Academic journal article Demographic Research

The Modal Age at Death and the Shifting Mortality Hypothesis

Academic journal article Demographic Research

The Modal Age at Death and the Shifting Mortality Hypothesis

Article excerpt

Abstract

The modal age at death is used to study the shifting mortality scenario experienced by low mortality countries. The relations of the life table functions at the modal age are analyzed using mortality models. In the models the modal age increases over time, but there is an asymptotic approximation towards a constant number of deaths and standard deviation from the mode. The findings are compared to changes observed in populations with historical mortality data. As shown here the shifting mortality scenario is a process that might be expected if the current mortality changes maintain their pace. By focusing on the modal age at death, a new perspective on the analysis of human longevity is revealed.

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1. Introduction

Lexis (1878) considered that the distribution of deaths consisted of three parts: a decrease in the high number of deaths with age after birth to account for infant mortality; deaths centred around the late modal age at death (referred to hereafter as modal age at death), accounting for senescent mortality; and premature deaths that occur infrequently at young ages between the high infant mortality and senescent deaths. Life expectancy, or the mean of the life table distribution of deaths, is the indicator most frequently used to describe this distribution. In a regime with a high level of infant mortality, life expectancy will be within the age range of premature deaths, even when most deaths occur around ages zero and the modal age at death. The early stages of the epidemiological transition (Omran 1971) are characterized by a reduction in infant mortality. These changes in infant mortality have been captured very accurately with the rapid increase in life expectancy over time. However, an alternative perspective is to study the age where most of the deaths are occurring, that is the modal age at death.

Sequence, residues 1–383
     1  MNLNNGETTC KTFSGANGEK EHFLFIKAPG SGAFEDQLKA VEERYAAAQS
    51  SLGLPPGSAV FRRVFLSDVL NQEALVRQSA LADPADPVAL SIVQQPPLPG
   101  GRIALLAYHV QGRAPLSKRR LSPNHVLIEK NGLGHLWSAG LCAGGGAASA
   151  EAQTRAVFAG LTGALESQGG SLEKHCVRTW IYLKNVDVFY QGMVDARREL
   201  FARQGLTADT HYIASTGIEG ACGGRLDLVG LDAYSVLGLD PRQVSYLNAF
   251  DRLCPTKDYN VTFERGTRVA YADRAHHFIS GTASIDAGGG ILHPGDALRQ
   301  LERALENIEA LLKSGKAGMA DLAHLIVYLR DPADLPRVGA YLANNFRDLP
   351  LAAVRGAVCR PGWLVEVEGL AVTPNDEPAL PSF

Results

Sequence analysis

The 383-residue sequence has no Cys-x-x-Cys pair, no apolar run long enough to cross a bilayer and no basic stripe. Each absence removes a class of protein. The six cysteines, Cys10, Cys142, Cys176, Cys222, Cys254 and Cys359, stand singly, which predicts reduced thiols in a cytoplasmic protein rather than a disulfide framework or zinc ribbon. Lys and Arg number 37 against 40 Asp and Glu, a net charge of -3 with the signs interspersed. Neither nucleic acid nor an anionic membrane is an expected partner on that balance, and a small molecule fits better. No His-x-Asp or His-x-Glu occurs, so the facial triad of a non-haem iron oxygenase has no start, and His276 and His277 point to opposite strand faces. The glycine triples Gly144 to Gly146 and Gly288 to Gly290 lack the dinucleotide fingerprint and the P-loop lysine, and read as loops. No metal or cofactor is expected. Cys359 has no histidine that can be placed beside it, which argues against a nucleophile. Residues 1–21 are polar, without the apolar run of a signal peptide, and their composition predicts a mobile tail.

Currently, mortality is concentrated at older ages in most countries. Life expectancy has slowed down its rapid increase and is now moving at a similar pace as the late modal age at death. Studying the modal age at death provides an opportunity to have a different perspective of the changes in the distribution of deaths and to explain the change in mortality at older ages (Kannisto 2000, Kannisto 2001, Robine 2001, Cheung et al. 2005, Canudas-Romo 2006, Cheung and Robine 2007, Canudas-Romo and Wilmoth 2007). This study describes the important role of the modal age at death in populations experiencing mortality decline.

The aim of this article is to study the shifting mortality hypothesis by assessing the changes in the late modal age at death. The shifting mortality hypothesis suggests a shifting force of mortality schedule which retains its shape over time as mortality falls (Bongaarts and Feeney 2002, 2003). Bongaarts (2005) furthers this idea by describing the shifting mortality regime as one where adult mortality is assumed to shift to higher ages over time. These characteristics of the shifting hypothesis can be observed in any of the life table functions: the hazard function, the survival function and the density function describing the distribution of deaths. The interrelations of these three curves imply that changes in one will be carried on to the others (Wilmoth 1997). Under the shifting mortality regime a shift in the density function describing the distribution of deaths implies that the hazard function declines but retains its shape, and that the survival function increases as the curve moves further to the right. In the present study, these three functions are analyzed together with the changes that occur in the modal age at death. The debate on "How long do we live?" initiated by Bongaarts and Feeney has been focused on the study of life expectancy at birth (Barbi et al. 2008, Feeney 2006, Goldstein 2006, Guillot 2006, Horiuchi 2005, Rodriguez 2006, Schoen and Canudas-Romo 2005, Vaupel 2005, Wachter 2005,Wilmoth 2005). …

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